This leads into my second pressure, which deals with personal lives. Employees were receiving tremendous benefits due to the company’s great performance. However, if the company did not improve, people’s salaries would be cut or even worse, their jobs would be cut. That is why so many people were willing to engage in the fraud, because they felt WorldCom was supplying a salary and benefits that other companies would not be able to match. Betty Vinson was a prime example. She knew that releasing line accruals was wrong, but needed to
Due to these criminal activities, many top executives were convicted fraud and sentenced to spend time in prison. WorldCom activities did not align with the company's overall mission and goals. The actions taken by management were not in the best interest of the customer instead they were consumed with acquisitions and increasing the value of WorldCom Shares. The management also should have considered general accounting practices during their strategic planning. Furthermore, create procedures that protect all stakeholders within the firm.
On March 15, 2005 former CEO of WorldCom, Bernard Ebbers sat in a federal courtroom waiting for the verdict. As the former CEO of WorldCom, Ebbers was accused of being personally responsible for the financial destruction of the communications giant. An internal investigation had uncovered $11 billion dollars in fraudulent accounting practices. Later a second report in 2003 found that during Ebber’s 2001 tenure as CEO, the company had over-reported earnings and understated expenses by an astonishing $74.5 billion dollars (Martin, 2005, para 3). This report included the mismanagement of funds, unethical lending practices among its top executives, and false bookkeeping which led to loss of tens of thousands of its employees.
MCI is at a critical point in their company history. After going public in 1972 they experienced several years of operating losses. Then in 1974 the FCC ordered MCI's largest competitor AT&T to supply interconnection to MCI and the rest of the long distance market. With a more even playing field the opportunities to increase market share and revenue were significant. In order to maximize this opportunity MCI required capital. Their poor financial performance required them to use less traditional instruments to obtain financing. The capital acquired supported their growth until they reached a level of profitability in 1978. Subsequently they continued to increase their net income and the quality of
WorldCom was the ultimate success story among telecommunications companies. Bernard Ebbers took the reigns as CEO in 1985 and turned the company into a highly profitable one, at least on the outside. In 2002, Ebbers resigned, WorldCom admitted fraud and the company declared bankruptcy (Noe, Hollenbeck, Gerhart, &Wright 2007). The company was at the heart of one of the biggest accounting frauds seen in the United States. The demise of this telecommunications monster can be accredited to many factors including their aggressive-defensive organizational culture based on power and the bullying tactics that they employed. However, this fiasco could have been prevented if WorldCom had designed a system of checks and balances that would have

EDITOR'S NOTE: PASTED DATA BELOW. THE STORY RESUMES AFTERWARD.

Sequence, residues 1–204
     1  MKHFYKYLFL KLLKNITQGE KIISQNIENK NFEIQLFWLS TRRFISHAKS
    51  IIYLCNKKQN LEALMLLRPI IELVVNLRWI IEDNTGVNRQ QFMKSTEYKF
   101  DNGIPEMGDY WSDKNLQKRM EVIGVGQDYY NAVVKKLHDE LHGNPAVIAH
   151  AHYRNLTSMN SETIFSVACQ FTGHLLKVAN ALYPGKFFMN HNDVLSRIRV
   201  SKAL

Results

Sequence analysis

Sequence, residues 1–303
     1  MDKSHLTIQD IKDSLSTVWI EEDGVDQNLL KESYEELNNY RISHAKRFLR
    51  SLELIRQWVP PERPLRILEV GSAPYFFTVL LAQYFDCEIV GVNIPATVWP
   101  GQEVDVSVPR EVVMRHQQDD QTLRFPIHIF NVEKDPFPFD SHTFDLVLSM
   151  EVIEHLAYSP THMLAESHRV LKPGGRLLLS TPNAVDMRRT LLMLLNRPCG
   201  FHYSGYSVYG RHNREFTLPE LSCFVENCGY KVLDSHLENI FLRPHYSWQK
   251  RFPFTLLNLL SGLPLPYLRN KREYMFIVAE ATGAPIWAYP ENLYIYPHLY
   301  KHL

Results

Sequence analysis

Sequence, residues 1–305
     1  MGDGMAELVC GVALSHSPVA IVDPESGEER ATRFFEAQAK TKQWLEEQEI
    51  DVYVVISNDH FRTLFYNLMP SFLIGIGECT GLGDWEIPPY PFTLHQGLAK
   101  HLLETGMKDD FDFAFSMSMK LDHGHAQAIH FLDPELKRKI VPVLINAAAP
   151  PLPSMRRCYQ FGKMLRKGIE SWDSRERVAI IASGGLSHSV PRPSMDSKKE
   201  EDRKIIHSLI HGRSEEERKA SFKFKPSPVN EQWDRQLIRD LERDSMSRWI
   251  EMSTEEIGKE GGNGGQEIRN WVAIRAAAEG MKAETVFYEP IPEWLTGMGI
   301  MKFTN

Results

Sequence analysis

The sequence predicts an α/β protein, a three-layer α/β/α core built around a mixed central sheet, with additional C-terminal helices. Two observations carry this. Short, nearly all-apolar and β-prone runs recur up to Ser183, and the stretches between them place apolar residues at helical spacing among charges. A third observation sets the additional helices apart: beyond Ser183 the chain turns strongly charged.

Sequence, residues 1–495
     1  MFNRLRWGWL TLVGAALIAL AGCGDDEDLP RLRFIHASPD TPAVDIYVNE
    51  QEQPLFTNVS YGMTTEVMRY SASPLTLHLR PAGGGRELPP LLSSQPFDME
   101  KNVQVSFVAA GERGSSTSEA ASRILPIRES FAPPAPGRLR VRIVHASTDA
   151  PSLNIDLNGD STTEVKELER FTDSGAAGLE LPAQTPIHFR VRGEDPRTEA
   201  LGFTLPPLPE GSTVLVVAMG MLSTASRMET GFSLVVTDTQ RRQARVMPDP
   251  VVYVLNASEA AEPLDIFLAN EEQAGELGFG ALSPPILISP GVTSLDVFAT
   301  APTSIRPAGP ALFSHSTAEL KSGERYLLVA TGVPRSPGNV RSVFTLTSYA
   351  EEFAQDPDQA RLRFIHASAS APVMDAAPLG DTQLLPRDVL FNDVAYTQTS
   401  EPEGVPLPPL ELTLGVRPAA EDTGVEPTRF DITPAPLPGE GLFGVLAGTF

However, the WorldCom’s stock price still declined. This incapacity in declining profits led to the withdrawal of merging with Sprint forced by the U.S. Justice department. In addition, banks put increasing burdens on Bernard Ebbers to pay back the loans that he used to invest in his other businesses. Ebbers soon felt the need to display an stable and increasing revenue and profits. His idea to meet this goal was financial gimmickry. The problem was that this was a last resort and involved deception. The more perplexed it became, the riskier to continue in this way. In general, cheat was just not an applicable way in the long run. In 2001, Bernard Ebbers convinced his board of directors to provide a loan of $400 million to cover up his debt who hoped that this strategy could stop the decline in WorldCom’s stock price. However, this strategy failed and led to further decrease in the price of WorldCom’s stock price. All of those changes in company loss ended up $1.38 billion in 2001. In 2002, a team of employees at WorldCom worked together to investigate and reveal the $3.8 billion worth of fraud. Soon or later, the board of directors were notified of this fraud and made many resignations. After some irregularities were spotted in MCI’s magazines, the Security and Exchange Commission requested WorldCom to provide more information and started to investigate into the fraud. SEC was skeptical of WorldCom’s enormous earning on the